We are taking a number of steps to improve weakened zoysia turf in various spots throughout the golf course. Aeration, traffic control, sod replacement, reduction in mowing and water management are going to be important cultural practices to help improve these weakened areas of turf.

The picture below is where we have reduced traffic going up the hill on #3. We replaced some sod in this area, have done some smaller tined aerating and have some additional work planned for this area. As the turf continues to improve, we reduce the area that is roped off.










This is a close up of a weakened area on the golf course which was aerated. 3/8" solid tine about 3" deep. We are potentially looking at taking our verti-drain deep tined aerifier out into a few spots to help with water penetration. We will probably only set a depth of 4-5" which will be better than normal aeration of 3" or so which takes place in July. This will be of the solid-tined variety which will not be disruptive to play.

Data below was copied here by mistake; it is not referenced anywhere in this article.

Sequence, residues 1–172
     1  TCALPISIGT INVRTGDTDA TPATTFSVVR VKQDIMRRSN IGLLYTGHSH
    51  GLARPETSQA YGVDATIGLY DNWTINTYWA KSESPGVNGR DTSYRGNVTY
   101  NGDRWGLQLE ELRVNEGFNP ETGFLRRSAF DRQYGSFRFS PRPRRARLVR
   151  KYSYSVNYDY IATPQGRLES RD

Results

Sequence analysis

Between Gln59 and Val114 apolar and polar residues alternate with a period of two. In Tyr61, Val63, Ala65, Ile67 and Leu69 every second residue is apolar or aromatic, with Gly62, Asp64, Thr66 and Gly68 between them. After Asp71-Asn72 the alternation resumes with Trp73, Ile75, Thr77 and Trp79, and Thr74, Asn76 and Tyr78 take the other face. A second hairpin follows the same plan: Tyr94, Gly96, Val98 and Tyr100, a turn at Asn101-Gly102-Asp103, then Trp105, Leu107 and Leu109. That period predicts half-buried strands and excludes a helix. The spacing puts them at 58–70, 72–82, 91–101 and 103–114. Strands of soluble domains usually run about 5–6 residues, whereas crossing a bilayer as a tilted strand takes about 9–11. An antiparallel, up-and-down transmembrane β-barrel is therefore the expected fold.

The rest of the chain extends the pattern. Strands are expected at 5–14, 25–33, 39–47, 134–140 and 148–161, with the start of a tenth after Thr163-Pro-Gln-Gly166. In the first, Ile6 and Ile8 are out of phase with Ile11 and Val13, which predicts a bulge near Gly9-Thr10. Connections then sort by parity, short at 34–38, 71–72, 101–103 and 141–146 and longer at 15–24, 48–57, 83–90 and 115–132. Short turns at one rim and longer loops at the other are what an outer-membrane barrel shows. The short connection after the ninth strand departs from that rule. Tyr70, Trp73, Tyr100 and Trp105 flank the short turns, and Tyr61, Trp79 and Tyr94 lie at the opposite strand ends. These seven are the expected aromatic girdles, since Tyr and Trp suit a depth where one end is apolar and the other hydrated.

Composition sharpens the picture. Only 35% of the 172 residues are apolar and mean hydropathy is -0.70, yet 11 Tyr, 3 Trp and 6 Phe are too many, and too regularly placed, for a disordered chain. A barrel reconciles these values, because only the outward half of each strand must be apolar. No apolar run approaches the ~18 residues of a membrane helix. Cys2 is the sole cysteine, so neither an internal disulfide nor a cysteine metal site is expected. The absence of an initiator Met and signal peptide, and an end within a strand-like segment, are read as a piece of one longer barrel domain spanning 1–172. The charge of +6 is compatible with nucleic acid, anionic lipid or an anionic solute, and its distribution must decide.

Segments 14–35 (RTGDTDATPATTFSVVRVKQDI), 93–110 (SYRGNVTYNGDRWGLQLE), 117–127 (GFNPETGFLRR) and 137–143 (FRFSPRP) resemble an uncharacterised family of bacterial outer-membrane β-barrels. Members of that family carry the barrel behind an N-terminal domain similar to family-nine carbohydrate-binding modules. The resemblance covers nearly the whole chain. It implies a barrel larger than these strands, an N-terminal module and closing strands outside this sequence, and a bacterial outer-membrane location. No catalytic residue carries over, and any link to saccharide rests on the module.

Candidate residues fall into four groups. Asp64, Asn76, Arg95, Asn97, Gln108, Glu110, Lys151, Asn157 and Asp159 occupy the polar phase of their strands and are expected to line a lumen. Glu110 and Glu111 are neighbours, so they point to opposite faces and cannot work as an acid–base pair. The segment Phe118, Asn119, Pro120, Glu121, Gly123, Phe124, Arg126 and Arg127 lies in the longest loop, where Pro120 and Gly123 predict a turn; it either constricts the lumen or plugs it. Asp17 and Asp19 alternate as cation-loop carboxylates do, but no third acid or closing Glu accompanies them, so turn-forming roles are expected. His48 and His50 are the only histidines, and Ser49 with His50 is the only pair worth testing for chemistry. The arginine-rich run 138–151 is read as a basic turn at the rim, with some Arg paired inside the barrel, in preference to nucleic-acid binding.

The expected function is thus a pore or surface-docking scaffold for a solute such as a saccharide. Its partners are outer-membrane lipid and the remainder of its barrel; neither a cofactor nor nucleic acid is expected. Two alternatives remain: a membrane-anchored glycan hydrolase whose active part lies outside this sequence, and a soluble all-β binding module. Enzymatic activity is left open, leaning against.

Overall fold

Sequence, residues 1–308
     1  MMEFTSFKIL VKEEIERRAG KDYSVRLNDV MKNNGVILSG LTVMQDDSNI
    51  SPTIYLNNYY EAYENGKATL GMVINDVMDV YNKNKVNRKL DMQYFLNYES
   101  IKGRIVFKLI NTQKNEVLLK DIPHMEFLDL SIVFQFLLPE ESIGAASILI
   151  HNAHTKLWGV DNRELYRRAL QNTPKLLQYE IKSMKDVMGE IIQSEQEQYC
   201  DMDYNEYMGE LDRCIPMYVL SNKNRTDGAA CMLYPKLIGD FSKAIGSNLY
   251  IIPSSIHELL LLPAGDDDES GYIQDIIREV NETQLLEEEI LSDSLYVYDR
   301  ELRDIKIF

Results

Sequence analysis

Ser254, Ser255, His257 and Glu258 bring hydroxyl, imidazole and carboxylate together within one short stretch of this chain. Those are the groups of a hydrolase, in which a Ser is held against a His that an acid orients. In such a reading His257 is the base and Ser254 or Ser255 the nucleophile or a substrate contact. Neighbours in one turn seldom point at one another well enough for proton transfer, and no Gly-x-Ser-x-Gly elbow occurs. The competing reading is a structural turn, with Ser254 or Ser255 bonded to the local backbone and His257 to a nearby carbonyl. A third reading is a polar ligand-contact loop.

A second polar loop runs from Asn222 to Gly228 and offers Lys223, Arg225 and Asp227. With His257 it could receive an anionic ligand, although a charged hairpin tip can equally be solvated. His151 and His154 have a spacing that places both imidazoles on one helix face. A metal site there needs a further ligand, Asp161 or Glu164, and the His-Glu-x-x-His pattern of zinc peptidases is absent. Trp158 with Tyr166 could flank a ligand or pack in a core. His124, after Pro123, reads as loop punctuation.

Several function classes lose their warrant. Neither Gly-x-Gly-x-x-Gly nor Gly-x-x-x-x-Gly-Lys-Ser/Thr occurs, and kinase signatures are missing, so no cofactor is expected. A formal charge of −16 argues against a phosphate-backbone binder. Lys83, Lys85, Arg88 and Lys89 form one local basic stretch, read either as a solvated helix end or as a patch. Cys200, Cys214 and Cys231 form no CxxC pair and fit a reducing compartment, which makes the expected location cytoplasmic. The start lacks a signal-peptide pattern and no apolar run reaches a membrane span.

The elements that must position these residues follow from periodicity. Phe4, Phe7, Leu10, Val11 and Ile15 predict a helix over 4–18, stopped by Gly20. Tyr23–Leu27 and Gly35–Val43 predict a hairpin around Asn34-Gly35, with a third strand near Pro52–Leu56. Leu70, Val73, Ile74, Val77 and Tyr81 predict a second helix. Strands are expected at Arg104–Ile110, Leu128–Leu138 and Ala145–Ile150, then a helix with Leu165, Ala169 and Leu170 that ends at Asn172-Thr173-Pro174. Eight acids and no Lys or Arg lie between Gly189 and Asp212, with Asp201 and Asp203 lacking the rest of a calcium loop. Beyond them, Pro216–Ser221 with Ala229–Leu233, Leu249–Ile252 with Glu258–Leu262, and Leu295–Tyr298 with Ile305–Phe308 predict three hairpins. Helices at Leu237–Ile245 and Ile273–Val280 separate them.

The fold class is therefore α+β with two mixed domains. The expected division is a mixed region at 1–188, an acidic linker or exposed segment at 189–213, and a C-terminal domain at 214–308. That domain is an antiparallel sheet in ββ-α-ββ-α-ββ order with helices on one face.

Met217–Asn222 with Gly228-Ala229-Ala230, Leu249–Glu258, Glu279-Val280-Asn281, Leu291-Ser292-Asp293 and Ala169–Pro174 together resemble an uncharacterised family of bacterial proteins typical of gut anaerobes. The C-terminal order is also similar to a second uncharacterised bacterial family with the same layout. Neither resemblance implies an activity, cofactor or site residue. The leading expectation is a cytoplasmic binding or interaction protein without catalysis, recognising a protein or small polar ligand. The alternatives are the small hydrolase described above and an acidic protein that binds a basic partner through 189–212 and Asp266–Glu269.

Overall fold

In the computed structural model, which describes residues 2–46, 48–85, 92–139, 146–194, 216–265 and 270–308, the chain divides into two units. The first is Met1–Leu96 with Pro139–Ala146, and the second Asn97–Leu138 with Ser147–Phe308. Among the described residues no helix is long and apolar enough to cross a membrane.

This is the same area but pulled back to show the general size of the area.











Left side of #12. Shade which leads to excessive moisture are contributing factors to this area. We will be replacing sod as weather allows in the next few days. Any assistance you can give when driving carts away from these areas would be most helpful. We are attempting to reduce mowing only as needed through spots like this area.











A wider view of the area from above.

Wildlife